obvious, I was intrigued by the language of the attack. In describing Joseph
Smith as a criminal, a fraud and a rapist, O'Donnell was drawing on
deeply-rooted themes and images which medieval Christians used in the age of the
Crusades, and which were revived in the 19th century by critics of Mormonism.
In the Middle Ages, European contacts with Islam through crusade and
commerce produced an expansive, almost obsessive, literature treating the
faith's history, beliefs and practices. Much of this polemical literature
focused on Muhammad as a means to disproving and discrediting Islam, and a
fantastical and fabricated pseudo-biography was invented to enumerate the myriad
personal flaws of the Prophet.
To this end, medieval writers such as Peter of Poitiers described Muhammad
as a hypocrite, a liar, a sorcerer, a thief, a murderer and an adulterer. This
latter charge was common, and authors made much of Muhammad's supposed
libidinousness and lechery, evident to them in his own personal life and the
Quran's validation of polygamy.
These medieval views of Muhammad and Islam enjoyed long shelf lives.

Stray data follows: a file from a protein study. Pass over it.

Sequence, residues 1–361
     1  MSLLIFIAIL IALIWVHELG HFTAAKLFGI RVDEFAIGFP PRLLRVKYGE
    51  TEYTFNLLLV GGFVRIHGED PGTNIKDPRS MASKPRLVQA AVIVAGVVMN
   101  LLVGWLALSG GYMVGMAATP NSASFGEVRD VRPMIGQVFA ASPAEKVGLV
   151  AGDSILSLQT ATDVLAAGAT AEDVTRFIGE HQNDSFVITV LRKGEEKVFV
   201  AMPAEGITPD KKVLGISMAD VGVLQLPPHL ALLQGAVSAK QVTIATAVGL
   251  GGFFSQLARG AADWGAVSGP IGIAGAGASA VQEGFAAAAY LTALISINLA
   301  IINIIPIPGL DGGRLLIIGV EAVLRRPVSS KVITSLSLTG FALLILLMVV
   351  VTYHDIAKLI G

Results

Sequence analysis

Variations on the same old themes resurfaced following the 9/11 terrorist
attacks in statements by conservative evangelical leaders who described Muhammad
as "a robber and a brigand," a "demon-possessed pedophile," and Islam as "a very
evil and wicked religion."
While the work of Edward Said and other scholars has familiarized modern
readers with the historical distortions of Muhammad and Islam, the Mormon
variation on this theme is much less well known. During the 19th century as
Mormonism began to expand, American commentators dusted off the centuries-old
rhetoric used against Islam and in similarly vituperative fashion equated the
Mormon prophet, Joseph Smith, with the Muslim prophet, Muhammad. From the
faith's earliest days, Smith was referred to as the "Yankee" or the "American"
Muhammad, and newspaper editors included him in a long line of religious
imposters, which included the Muslim prophet.